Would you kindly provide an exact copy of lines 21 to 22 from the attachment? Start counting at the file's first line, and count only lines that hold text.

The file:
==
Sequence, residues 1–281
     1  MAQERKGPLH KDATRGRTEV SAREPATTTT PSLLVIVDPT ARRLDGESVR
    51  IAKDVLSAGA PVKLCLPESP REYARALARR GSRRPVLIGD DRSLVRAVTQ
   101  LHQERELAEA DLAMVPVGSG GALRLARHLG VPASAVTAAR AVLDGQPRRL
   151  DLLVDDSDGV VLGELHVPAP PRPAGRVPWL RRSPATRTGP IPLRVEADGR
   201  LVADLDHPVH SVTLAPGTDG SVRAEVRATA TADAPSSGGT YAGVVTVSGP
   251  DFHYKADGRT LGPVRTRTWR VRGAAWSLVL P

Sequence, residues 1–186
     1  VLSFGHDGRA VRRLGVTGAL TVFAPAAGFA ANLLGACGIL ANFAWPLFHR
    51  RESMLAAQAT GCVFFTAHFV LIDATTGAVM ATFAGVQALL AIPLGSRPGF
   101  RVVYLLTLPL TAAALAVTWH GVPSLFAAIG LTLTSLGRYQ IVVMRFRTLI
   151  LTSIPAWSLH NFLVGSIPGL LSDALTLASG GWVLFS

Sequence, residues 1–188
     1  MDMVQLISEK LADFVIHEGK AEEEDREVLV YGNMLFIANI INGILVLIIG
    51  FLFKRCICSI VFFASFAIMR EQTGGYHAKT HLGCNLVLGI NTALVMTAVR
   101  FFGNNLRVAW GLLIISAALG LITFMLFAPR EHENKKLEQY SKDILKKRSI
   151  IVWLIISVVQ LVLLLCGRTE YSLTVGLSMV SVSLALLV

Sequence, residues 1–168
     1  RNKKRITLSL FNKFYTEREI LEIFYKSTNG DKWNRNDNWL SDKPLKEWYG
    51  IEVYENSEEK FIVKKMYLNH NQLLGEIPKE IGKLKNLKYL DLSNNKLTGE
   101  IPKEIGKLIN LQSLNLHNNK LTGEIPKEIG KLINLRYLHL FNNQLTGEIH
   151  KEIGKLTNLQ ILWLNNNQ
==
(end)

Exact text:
   101  IPKEIGKLIN LQSLNLHNNK LTGEIPKEIG KLINLRYLHL FNNQLTGEIH
   151  KEIGKLTNLQ ILWLNNNQ